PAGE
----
Baha’u’llah rejects this idea outright. He says that no one with any wisdom at all would believe that Moses and Pharaoh were equal. And he denies that this was Rumi's meaning.
Baha’u’llah denies that creation is a direct manifestation of the effulgence of God. He is emphatic that that there is “no relationship, no link, no direction, no allusion, and no indication” between the essence of God and creation. Instead, he explains, God manifests in creation the prophets or manifestations to act as God’s representatives. He says that “[God] equated the knowledge of these holy souls with the knowledge of himself.” Therefore, all are related to God by being related to these prophets or manifestations.
Baha’u’llah explains that we should look at all things as mirrors. Everything reflects the light of God that comes via these manifestations. All things, including people, reflect the light according to their own characteristics. For example, in objects, a red object will reflect red light and a crystal will reflect light differently to a stone. To illustrate this point for humans, Baha’u’llah uses the name of God “the Self-sufficient”. Like a ray of the sun, it begins as one light within the realm of God. But when it is manifested in the world, it is reflected in people according to the characteristics of each person’s soul. In a generous person, it will show up as generosity; in a miserly person it will show up as avarice and so on.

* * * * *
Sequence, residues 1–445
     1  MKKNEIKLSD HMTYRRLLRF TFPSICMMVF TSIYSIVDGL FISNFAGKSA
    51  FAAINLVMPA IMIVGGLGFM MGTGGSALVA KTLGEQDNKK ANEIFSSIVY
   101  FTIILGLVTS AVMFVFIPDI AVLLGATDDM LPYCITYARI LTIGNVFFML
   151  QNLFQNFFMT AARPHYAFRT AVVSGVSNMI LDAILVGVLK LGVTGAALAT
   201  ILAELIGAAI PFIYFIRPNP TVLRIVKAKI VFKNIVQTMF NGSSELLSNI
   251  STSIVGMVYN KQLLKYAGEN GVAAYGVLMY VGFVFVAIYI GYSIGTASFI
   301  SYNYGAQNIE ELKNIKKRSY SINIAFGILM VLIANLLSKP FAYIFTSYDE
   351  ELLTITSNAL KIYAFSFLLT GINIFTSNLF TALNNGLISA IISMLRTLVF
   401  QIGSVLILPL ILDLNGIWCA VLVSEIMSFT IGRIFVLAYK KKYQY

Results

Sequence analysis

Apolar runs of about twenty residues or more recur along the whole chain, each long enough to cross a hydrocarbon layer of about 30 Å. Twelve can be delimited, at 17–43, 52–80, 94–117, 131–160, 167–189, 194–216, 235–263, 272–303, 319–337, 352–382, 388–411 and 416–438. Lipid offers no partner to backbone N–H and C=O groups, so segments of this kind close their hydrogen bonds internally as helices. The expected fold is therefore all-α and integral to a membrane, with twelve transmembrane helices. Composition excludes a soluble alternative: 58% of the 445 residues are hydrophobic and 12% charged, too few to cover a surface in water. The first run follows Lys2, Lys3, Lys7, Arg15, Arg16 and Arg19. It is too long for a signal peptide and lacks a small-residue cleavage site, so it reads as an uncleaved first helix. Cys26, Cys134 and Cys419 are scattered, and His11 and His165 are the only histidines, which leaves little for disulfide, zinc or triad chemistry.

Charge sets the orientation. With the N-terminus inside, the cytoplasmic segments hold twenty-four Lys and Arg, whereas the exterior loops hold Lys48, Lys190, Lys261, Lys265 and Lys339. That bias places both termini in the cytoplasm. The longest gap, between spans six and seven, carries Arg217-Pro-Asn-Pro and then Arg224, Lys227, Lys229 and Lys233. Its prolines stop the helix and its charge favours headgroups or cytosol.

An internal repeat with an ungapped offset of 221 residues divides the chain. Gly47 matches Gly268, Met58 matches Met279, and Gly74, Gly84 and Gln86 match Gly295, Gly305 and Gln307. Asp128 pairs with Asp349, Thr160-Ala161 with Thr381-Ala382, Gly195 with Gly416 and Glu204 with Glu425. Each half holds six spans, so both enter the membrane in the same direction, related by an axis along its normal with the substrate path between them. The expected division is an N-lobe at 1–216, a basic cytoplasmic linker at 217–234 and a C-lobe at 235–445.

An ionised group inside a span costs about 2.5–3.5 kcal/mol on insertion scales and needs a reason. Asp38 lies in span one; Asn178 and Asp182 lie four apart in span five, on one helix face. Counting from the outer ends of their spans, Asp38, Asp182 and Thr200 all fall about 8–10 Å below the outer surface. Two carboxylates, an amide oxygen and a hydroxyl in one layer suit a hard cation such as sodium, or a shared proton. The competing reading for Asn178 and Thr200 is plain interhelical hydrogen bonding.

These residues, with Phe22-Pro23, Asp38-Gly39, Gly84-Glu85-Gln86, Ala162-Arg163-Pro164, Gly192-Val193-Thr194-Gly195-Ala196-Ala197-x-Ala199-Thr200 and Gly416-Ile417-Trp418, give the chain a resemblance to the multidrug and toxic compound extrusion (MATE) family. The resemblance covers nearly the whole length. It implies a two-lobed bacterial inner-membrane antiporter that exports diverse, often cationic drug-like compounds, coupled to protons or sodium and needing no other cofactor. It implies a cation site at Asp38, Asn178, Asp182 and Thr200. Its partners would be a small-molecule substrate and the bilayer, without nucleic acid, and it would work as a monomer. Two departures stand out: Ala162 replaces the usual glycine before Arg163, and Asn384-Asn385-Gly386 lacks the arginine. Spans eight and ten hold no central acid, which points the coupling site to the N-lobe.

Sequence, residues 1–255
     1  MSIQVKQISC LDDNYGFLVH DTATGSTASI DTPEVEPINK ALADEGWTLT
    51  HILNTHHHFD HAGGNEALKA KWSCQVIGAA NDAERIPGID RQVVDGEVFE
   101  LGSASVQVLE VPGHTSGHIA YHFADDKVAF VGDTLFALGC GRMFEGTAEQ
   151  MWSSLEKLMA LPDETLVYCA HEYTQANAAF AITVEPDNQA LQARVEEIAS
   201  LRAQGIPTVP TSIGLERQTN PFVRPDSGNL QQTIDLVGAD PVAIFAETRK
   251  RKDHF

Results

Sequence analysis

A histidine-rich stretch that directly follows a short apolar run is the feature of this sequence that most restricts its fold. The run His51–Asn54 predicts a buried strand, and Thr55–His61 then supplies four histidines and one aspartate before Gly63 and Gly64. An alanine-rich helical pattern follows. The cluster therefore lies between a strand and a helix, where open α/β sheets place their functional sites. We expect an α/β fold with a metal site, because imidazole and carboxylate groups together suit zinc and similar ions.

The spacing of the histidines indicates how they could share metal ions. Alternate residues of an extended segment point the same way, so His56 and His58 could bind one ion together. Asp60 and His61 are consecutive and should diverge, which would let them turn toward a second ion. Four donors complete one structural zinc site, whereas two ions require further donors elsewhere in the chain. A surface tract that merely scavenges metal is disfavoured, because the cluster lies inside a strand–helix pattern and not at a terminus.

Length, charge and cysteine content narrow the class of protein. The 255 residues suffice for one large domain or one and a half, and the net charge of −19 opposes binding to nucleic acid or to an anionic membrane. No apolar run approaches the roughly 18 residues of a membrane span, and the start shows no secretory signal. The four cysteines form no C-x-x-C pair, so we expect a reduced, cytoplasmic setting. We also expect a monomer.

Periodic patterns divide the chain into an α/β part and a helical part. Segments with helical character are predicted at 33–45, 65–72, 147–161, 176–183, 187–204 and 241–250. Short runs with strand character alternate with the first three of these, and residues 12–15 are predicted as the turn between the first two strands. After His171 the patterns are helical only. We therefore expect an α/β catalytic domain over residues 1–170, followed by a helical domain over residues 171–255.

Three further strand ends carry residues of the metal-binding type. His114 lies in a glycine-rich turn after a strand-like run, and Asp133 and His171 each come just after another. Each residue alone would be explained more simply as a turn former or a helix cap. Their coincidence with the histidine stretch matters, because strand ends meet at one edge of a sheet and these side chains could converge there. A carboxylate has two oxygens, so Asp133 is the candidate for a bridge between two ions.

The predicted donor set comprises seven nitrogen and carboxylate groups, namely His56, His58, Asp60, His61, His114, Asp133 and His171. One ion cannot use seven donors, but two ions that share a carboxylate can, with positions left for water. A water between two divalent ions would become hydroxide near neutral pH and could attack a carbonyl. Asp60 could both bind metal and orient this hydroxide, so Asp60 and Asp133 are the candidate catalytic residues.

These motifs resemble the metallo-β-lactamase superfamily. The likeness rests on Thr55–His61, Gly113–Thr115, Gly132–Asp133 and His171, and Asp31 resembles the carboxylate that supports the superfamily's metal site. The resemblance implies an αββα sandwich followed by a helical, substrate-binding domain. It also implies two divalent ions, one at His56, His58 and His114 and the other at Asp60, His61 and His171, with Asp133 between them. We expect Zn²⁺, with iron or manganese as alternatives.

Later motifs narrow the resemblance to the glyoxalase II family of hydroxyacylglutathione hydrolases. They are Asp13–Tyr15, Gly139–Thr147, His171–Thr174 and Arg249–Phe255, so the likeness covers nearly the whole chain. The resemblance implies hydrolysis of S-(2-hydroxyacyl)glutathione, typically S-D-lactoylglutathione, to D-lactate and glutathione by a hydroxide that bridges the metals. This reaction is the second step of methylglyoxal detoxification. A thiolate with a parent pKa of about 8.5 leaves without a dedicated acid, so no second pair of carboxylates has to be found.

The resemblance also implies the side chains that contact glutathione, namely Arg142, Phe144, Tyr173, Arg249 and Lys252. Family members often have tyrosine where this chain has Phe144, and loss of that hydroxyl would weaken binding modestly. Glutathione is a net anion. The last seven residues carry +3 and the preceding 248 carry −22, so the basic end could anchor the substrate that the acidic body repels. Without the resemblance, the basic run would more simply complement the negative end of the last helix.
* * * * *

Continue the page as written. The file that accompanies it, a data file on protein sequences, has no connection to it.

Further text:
The point is that the various names and attributes of God are one in origin, but when they are manifested in creation and reflect in the realities of being, they show up in different ways according to the characteristics of those realities. Therefore, the differences we see between a person who supports a prophet and one that opposes that prophet do not originate with God. Those differences come from the characteristics of the person, or mirror, reflecting the attribute of God.
Baha’u’llah points out that Pharaoh would never have opposed Moses had he not been given the power and opportunity to do so. The principle is that the characteristics of a person are hidden so long as that person does not have the opportunity to display who they are. For example, we do not know if a person is generous or miserly unless they are given money. When God’s power and greatness were reflected on creation at the time of Moses, these attributes appeared in Pharaoh as opposition to God. Other people at that time displayed different characteristics and supported Moses. In any case, whatever a person did, the result was a raw display of themselves and who they chose to be.
Similarly, with Judas, he was given the opportunity to betray Jesus and he took it. This revealed who he was as a person. The other disciples did not take it and demonstrated who they were.
(1) This article owes all its information about the Gospel of Judas to the Wikipedia article “Gospel of Judas”.